Heart Health

The heart beats about 2.5 billion times over the average lifetime, pushing millions of gallons of blood to every part of the body. This steady flow carries with it oxygen, fuel, hormones, other compounds, and a host of essential cells. It also whisks away the waste products of metabolism. When the heart stops, essential functions fail, some almost instantly.

Given the heart's never-ending workload, it's a wonder it performs so well, for so long, for so many people. But it can also fail, brought down by a poor diet and lack of exercise, smoking, infection, unlucky genes, and more.

A key problem is atherosclerosis. This is the accumulation of pockets of cholesterol-rich gunk inside the arteries. These pockets, called plaque, can limit blood flow through arteries that nourish the heart — the coronary arteries — and other arteries throughout the body. When a plaque breaks apart, it can cause a heart attack or stroke.

Although many people develop some form of cardiovascular disease (a catch-all term for all of the diseases affecting the heart and blood vessels) as they get older, it isn't inevitable. A healthy lifestyle, especially when started at a young age, goes a long way to preventing cardiovascular disease. Lifestyle changes and medications can nip heart-harming trends, like high blood pressure or high cholesterol, in the bud before they cause damage. And a variety of medications, operations, and devices can help support the heart if damage occurs.

Heart Health Articles

Get moving to slow cardiovascular aging

As people age and become less active, the muscle in the heart’s left ventricle—the chamber that pumps oxygen-rich blood back out to the body—becomes stiffer. But as with other muscles, it’s possible to keep your heart muscles in shape longer and perhaps even reverse some of the effects of age by getting regular cardio exercise of sufficient intensity and duration. More »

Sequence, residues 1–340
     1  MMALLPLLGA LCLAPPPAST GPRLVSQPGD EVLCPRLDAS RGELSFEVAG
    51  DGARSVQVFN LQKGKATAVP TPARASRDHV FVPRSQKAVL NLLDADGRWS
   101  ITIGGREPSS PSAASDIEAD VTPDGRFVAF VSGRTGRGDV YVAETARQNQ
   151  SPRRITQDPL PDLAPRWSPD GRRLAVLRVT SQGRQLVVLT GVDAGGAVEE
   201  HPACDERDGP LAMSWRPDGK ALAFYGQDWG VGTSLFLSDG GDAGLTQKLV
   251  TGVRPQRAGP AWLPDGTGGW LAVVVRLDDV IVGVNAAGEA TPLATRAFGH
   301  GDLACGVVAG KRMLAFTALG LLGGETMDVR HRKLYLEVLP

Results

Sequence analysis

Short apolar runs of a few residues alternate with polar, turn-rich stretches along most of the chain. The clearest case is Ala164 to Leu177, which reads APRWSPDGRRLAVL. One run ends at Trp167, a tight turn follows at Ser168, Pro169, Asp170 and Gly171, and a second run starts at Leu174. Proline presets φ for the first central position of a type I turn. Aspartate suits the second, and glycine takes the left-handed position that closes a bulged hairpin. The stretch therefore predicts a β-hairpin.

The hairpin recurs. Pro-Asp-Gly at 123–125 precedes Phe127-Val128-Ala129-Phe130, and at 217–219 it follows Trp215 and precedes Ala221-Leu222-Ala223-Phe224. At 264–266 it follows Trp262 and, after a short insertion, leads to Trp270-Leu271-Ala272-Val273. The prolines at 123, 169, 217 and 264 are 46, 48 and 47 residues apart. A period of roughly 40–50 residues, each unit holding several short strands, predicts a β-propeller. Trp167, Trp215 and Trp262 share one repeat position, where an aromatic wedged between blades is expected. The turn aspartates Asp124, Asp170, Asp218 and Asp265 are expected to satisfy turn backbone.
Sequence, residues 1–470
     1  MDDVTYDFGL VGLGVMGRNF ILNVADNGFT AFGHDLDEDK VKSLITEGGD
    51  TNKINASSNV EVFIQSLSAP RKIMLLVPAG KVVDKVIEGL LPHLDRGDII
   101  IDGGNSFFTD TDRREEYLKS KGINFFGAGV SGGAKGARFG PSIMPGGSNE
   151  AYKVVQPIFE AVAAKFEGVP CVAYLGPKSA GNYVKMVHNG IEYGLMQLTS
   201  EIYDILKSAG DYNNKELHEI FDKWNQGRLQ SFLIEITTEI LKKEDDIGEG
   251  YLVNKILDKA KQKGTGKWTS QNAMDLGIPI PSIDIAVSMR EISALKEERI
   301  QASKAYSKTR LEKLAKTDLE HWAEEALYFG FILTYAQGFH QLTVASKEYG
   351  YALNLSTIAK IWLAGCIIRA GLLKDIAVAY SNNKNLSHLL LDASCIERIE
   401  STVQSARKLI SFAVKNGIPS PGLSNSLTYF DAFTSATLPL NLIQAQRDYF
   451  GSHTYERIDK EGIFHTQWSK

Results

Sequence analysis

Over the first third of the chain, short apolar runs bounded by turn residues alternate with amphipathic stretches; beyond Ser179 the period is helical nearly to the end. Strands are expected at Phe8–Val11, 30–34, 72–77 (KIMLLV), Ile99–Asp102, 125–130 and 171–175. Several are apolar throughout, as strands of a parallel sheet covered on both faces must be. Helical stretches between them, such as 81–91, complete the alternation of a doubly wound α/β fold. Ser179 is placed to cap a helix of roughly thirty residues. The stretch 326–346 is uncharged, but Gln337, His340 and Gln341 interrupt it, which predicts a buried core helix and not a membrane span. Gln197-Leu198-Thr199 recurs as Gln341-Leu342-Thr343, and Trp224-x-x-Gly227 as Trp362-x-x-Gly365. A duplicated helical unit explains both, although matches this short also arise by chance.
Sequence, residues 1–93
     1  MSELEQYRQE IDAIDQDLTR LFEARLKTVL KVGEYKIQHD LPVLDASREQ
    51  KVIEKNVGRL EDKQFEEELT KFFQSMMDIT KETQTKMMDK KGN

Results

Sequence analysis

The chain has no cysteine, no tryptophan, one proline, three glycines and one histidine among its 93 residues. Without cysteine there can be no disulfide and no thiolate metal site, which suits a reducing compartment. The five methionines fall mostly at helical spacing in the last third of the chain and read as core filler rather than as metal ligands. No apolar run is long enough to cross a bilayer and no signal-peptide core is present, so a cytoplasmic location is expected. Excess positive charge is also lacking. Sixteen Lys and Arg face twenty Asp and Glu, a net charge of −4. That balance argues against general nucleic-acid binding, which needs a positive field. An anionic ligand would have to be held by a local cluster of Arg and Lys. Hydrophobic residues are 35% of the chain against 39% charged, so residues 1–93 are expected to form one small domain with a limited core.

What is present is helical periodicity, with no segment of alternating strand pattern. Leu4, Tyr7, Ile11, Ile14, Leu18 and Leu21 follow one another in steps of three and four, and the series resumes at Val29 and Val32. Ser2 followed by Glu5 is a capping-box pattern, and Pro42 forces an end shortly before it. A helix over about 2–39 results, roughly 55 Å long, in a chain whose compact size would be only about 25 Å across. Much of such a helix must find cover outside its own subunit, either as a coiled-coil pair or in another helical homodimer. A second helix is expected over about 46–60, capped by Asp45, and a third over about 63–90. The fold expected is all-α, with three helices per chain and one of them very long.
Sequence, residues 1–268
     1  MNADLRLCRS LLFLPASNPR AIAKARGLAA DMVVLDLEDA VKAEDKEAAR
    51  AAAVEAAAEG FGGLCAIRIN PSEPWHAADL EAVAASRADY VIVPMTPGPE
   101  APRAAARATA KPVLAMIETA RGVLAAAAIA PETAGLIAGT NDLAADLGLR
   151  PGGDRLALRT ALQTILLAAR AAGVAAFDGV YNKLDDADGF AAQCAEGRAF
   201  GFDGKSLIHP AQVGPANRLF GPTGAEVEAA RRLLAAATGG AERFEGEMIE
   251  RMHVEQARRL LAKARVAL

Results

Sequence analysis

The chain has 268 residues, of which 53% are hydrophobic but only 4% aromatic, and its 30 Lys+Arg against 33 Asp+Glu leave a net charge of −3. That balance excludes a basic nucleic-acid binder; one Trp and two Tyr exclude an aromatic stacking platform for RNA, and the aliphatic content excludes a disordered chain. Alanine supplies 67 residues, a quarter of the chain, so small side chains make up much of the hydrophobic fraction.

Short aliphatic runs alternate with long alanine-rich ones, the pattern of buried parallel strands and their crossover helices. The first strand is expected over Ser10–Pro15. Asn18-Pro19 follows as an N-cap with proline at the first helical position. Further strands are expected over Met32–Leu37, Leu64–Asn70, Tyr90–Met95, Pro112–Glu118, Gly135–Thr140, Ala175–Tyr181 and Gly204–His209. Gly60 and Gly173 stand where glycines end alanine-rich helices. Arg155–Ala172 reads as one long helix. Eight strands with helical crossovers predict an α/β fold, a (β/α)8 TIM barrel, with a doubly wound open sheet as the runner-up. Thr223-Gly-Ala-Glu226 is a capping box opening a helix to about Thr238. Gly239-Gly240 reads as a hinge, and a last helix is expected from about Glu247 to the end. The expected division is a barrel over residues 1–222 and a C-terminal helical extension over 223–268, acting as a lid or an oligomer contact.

Overcoming your barriers to exercise

Only about half of adults in the United States meet the recommended physical activity guidelines. Lack of time and joint pain or other health issues are common excuses. Piggybacking activities onto daily habits, such as standing or walking while on the phone and walking to do errands can help. People with health problems that limit mobility can do non-weight-bearing exercises, such as swimming or water aerobics. (Locked) More »

What is long QT syndrome?

Long QT syndrome is a rare disorder of the heart’s electrical system that can be caused by a genetic abnormality or certain medications. It may trigger a fast, erratic heartbeat that can lead to breathlessness, fainting, and sometimes, sudden death. (Locked) More »

Can the flu increase my heart attack risk?

A new study found that a person’s risk of heart attack is six times more likely to occur within the week following an influenza diagnosis. However, getting a flu vaccination can reduce the risk of illness and death from heart disease. (Locked) More »

Heart attacks: Clarifying the causes and consequences

The descriptions used to describe different types of heart attacks (such as “massive” or “widow maker”) can be unhelpful or confusing. Even small heart attacks can have serious outcomes—but most heart attacks are not fatal. Another common source of confusion is the difference between a heart attack and cardiac arrest. In addition, doctors are increasingly realizing that many heart attacks do not result from a blockage in one of the heart’s arteries. Some heart attacks result instead from an imbalance in blood supply and demand. These are most likely to occur in older people with other health problems in addition to heart disease. (Locked) More »

Pedal your way to better heart health

Riding a bike can be a good way to exercise at different levels of intensity. Cycling also enables people to travel faster and farther than jogging but places less pressure on their joints. Indoor cycling options include a stationary bike at home or at a fitness center. Some centers also offer spinning classes, which are group indoor cycling classes led by instructors accompanied by motivating music. (Locked) More »